Beating The Blues With Exercise

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Exercise as an antidote to depression and anxiety is not a new concept. In the 18th century Scotland, doctors in mental hospitals prescribed heavy farm chores as “the best medicine” for their patients and documented marked improvements in mood and behavior. Now scientists are studying the link between exercise and mood changes at close range and coming up with some fascinating results.

One expert in the field says “exercise is clearly associated with mental-health benefits.” And moderate exercisers show lowered blood-pressure levels and a resultant positive mood. The key is moderate exercise, performed a minimum of 30 minutes, three or four times a week. Brisk walking, swimming, lifting weights, and bicycling – all achieve good results.

People who exercise regularly, even at something as simple as walking or bicycling, are more flexible. They experience less stress on the muscles and joints when they do bend down the wrong way. Conditioned muscles recover faster, too. It’s the couch potato who hauls himself erect one Saturday afternoon to rake the leaves or shovel snow who has trouble.

The big problem we all face these days is living a stressful life. All families seem to be too busy to sit down together and share the joys and pleasures of life. The little things that once mattered are no longer important and now there is a race for more money, more time and more material possessions.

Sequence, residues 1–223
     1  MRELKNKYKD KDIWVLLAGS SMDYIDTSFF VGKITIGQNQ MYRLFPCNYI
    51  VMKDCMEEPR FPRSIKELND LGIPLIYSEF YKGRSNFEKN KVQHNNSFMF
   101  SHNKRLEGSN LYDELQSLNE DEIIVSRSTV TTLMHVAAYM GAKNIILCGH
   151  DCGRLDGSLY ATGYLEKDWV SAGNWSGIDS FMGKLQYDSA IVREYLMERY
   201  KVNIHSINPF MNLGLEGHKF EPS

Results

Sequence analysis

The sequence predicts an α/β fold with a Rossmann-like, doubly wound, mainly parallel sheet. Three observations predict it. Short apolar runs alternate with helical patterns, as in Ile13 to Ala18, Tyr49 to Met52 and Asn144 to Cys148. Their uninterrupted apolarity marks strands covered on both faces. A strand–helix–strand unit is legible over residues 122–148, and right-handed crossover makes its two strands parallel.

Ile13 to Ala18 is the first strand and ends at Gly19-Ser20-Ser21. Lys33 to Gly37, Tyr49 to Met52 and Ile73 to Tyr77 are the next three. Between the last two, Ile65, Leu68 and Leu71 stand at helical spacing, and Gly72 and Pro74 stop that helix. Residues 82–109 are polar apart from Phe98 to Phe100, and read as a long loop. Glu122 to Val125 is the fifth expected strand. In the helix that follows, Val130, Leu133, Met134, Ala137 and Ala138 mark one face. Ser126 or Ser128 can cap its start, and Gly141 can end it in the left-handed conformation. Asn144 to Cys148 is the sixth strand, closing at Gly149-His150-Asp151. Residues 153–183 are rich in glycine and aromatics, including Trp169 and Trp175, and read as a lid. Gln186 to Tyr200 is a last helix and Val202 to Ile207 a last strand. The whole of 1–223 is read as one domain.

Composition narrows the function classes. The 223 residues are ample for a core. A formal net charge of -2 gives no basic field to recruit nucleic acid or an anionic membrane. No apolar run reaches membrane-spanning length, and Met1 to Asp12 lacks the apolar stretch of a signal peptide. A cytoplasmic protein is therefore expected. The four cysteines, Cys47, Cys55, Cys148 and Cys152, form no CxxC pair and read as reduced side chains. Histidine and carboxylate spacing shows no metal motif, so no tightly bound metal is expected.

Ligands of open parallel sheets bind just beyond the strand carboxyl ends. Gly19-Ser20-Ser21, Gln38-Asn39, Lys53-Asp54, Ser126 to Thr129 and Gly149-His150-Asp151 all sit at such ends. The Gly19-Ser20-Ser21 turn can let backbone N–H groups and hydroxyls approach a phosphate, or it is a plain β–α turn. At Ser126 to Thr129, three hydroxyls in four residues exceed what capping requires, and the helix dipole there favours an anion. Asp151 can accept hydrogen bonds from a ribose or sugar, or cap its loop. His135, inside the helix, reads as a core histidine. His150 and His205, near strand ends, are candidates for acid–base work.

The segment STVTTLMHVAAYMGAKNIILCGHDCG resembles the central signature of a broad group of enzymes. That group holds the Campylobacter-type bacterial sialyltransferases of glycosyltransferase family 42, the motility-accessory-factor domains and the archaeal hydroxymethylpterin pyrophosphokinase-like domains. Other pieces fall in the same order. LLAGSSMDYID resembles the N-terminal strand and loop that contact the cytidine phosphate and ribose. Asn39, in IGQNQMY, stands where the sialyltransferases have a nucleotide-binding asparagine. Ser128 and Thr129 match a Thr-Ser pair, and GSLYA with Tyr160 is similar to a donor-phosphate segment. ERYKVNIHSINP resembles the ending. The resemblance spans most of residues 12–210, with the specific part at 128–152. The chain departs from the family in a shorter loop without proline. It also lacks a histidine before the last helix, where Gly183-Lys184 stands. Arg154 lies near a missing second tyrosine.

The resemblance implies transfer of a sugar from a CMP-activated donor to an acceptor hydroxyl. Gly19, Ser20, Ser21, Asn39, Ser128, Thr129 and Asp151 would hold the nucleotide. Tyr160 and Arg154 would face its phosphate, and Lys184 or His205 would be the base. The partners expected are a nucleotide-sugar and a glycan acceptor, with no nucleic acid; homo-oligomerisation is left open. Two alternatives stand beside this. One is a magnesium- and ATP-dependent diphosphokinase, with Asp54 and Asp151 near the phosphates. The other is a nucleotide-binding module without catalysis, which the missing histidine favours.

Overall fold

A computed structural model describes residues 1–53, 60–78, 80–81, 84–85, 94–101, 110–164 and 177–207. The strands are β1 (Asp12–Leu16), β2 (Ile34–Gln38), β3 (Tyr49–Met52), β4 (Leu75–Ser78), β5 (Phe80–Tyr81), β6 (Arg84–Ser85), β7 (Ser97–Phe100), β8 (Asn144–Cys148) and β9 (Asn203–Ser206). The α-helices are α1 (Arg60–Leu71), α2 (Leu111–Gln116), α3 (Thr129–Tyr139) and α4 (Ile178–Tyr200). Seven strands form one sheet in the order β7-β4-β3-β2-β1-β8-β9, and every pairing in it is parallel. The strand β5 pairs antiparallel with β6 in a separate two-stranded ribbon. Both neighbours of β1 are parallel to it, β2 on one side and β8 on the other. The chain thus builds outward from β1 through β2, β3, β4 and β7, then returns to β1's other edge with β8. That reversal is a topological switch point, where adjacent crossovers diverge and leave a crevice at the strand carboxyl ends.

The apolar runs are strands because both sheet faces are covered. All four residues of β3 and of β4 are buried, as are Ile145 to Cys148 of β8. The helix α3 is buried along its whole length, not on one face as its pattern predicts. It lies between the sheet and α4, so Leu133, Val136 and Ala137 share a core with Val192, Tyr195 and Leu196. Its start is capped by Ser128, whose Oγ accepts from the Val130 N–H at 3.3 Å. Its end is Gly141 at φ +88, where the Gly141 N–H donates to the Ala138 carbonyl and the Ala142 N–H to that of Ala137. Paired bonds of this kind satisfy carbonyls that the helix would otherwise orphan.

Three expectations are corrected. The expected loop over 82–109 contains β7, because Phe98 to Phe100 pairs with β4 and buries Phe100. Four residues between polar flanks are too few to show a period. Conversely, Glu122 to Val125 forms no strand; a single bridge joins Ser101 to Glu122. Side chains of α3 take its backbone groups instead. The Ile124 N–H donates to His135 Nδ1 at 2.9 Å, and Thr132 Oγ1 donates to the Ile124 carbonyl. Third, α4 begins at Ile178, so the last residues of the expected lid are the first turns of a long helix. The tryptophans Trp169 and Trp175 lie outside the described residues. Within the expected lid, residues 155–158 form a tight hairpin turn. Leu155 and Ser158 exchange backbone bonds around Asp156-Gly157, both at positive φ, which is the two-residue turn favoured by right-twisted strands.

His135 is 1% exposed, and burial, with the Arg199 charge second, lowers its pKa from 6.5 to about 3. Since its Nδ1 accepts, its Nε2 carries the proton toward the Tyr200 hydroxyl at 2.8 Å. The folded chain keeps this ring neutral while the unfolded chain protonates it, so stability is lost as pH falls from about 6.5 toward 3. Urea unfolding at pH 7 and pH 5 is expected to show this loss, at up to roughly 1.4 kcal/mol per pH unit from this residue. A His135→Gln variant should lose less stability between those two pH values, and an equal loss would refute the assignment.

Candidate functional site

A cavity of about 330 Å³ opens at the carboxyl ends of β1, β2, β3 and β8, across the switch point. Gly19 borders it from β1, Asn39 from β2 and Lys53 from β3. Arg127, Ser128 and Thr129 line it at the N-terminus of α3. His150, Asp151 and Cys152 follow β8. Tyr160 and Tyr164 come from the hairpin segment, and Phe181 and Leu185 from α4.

By using simple relaxation techniques, exercising and making changes in our lifestyles, we can manage stress and take control of your lives! Once you have become aware of stress, It’s time to relax! There are many techniques for relaxing (and no one method is better than another), but the most basic is deep breathing. One of the body’s automatic reactions to stress is rapid, shallow breathing. Breathing slowly and deeply is one of the ways you can “turn off” your stress reaction and “turn on” your relaxation response.

Still another relaxation technique that can help you reduce stress is “clearing your mind.” Since your stress response is a physical and emotional interaction, giving yourself a mental “break” can help relax your body as well. When you clear your mind, you try to concentrate on one pleasant thought, work, or image and let the rest of your worries slip away. A short and quiet walk can do wonders and just a walk around the block will clear your head and often give you a new spurt of energy.

Muscle and joint aches and pains are a common complaint for many of us, living as we do in a sedentary, high-stress society. The cliché warning us to “use it or lose it” isn’t far off the mark. Our bodies pay the price for long hours slumped at our desks or nestled in a soft chair watching television. And if you think some of our aches and pains are just another consequence of aging, you’re wrong – more often, It’s a result of inactivity and weaker muscles.

Doctors now say that walking is one of the best exercises. It helps the total circulation of blood throughout the body, and thus has a direct effect on your overall feeling of health. There are things such a aerobics, jogging, swimming and many other exercises which will benefit a person both physically and mentally. researchers agree that exercise helps to ease anxiety and lift spirits.

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